The beauty of this technique is that, where most other techniques use some form of manipulation of the humeral shaft to move the head around the glenoid rim, this one moves the glenoid rim around a fixed humeral head. This technique was first unveiled by Bosley and Miles in 1979 with the patient prone with weights giving traction (Stimson technique plus scapular manipulation), but this may be impossible with elderly, obese or distressed patients. Two operators and a seated patient, or with the patient supine are alternatives.
It can be useful if you have a fragmented greater tuberosity, with a fragment that causes pain or an anatomical obstruction to the returning humeral head when in a zero position. The scapular manipulation position of reduction can keep those fragments lateral, and out of the way of your reduction. Again, the position of the scapula in relation to the humeral head is the key.
There is a big difference between steady maintained traction and repetitive yanking which will just cause pain, spasm and failure of your relocation attempt.
For a close look at the anatomy during scapular manipulation click on the video link below.
This technique fixes the humeral head in position and then rotates the scapula around the head into position.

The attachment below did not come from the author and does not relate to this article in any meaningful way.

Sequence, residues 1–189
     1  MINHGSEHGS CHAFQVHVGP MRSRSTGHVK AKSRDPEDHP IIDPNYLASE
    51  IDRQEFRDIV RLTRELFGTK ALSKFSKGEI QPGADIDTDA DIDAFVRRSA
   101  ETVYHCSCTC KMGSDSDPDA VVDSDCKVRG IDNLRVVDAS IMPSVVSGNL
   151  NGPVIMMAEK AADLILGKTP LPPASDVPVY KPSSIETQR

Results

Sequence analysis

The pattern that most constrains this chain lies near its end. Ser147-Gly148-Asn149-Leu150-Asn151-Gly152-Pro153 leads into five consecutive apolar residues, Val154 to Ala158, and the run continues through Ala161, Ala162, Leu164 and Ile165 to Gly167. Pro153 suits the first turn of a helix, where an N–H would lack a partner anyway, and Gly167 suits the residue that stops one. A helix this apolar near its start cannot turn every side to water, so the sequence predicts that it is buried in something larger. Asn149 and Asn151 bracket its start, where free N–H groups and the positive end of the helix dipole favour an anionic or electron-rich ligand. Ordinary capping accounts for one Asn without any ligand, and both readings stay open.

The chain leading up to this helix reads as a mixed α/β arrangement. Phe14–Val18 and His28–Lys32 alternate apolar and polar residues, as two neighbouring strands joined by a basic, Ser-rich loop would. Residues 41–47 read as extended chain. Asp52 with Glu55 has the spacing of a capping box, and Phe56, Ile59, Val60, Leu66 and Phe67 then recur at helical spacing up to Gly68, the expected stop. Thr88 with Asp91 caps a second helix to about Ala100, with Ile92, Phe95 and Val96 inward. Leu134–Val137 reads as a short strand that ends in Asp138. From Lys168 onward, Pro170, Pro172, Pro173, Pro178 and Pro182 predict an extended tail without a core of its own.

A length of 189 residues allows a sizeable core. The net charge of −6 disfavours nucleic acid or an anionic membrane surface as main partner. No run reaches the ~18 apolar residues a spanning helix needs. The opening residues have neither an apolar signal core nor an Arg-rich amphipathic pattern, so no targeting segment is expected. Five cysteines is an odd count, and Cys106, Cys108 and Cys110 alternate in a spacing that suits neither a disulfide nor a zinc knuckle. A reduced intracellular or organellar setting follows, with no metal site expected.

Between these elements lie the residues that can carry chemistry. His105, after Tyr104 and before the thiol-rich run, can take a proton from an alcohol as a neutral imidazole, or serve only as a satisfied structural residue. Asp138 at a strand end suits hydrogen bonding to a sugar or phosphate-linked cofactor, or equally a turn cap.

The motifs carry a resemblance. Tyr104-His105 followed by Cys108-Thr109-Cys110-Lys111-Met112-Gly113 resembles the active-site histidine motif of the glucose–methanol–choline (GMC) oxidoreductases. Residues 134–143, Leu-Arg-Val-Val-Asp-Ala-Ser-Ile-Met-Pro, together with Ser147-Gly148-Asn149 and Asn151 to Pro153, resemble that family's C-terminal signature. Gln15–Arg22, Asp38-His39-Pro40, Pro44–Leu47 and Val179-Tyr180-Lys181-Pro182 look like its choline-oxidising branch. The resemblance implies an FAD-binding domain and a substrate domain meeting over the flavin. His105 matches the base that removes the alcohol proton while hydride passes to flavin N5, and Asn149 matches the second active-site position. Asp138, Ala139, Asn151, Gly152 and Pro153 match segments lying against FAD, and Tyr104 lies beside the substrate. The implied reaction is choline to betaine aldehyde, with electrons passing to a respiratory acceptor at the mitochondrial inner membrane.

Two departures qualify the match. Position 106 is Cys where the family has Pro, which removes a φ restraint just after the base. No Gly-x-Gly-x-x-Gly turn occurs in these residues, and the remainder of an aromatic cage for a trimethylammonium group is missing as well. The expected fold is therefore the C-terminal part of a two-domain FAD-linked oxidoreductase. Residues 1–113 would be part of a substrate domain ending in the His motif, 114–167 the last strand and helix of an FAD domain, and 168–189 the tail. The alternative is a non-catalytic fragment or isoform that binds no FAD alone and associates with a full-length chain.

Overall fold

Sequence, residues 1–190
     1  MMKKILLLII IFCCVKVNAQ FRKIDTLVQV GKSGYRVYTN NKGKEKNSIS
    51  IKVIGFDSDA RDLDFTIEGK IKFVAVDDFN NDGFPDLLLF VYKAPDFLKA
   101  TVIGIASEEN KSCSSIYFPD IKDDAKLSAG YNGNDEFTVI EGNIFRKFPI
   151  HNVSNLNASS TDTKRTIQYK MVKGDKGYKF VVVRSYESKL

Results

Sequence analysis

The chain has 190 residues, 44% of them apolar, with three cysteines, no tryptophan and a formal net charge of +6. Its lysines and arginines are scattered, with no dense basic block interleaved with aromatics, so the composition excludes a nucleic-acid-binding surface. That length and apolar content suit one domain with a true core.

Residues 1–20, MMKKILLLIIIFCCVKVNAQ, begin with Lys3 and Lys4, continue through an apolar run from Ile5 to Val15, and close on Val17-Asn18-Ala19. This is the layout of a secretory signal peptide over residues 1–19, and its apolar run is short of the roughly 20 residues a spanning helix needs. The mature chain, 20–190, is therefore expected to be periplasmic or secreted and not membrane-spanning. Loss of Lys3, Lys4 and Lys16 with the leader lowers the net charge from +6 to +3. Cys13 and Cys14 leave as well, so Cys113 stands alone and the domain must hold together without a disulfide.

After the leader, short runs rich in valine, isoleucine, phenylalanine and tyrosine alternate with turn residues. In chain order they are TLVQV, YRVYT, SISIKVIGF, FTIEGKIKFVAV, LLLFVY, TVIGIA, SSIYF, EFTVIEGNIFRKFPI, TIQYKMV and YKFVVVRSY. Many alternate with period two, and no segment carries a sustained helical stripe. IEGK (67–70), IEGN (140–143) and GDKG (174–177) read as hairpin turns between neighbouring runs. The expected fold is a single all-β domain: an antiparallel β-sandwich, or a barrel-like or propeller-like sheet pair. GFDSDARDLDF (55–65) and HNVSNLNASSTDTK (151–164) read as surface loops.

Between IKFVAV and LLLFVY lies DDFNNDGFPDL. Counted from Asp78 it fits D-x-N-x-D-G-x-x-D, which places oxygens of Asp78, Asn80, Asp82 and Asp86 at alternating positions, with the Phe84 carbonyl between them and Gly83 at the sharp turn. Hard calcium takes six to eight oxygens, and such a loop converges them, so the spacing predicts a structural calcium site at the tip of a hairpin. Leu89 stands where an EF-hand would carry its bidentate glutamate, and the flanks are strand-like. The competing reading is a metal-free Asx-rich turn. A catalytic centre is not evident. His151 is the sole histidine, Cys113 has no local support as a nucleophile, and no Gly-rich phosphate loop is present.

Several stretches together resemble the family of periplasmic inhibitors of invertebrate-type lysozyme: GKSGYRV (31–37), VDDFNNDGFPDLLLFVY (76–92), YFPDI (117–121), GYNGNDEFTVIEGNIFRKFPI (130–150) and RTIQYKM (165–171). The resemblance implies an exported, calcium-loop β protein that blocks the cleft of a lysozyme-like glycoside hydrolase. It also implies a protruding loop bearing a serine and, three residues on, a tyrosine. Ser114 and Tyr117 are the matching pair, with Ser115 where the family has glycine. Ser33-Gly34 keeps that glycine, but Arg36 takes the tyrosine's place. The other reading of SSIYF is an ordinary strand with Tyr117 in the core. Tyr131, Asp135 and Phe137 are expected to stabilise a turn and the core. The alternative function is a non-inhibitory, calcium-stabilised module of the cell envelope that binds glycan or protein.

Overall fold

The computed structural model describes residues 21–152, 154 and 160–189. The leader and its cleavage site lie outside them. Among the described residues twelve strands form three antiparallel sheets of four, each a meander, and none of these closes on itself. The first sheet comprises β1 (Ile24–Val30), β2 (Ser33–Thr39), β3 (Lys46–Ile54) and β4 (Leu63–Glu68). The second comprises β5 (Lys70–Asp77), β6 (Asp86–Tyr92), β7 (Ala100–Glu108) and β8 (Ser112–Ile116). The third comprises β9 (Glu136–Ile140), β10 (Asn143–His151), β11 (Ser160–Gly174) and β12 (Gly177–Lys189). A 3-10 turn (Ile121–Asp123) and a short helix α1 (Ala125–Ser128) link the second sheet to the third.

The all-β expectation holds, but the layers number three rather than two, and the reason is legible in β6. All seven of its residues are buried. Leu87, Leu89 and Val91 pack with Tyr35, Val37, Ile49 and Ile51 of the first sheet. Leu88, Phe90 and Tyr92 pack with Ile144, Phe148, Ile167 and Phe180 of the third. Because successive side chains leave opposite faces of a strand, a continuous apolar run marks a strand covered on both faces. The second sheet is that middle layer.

How does it overcome the static and dynamic forces?
Constant traction is applied to the externally rotated humerus, this takes humeral head pressure off the glenoid rim (which is sitting above and lateral to the dislocated head). The inferior tip of the scapula is then rotated bringing the whole scapula in a posterior direction (backwards), this brings the scapular neck and glenoid fossa back into position behind the head.
The starting point for this is with the arm in 90°of forward flexion and externally rotated to neutral (providing the largest surface area of humeral head articular cartilage to the glenoid rim). (‘scapula manipulation front view close up’ and ‘scapula manipulation starting position front view’ pic)
Steady traction (5 -15 lbs) on the forearm is maintained until your patient relaxes.
Rest on the clavicle to steady the arm, and yourself.
After the patient begins to relax, rotate the scapula.
Push the inferior tip medially.
Push the superior scapula laterally.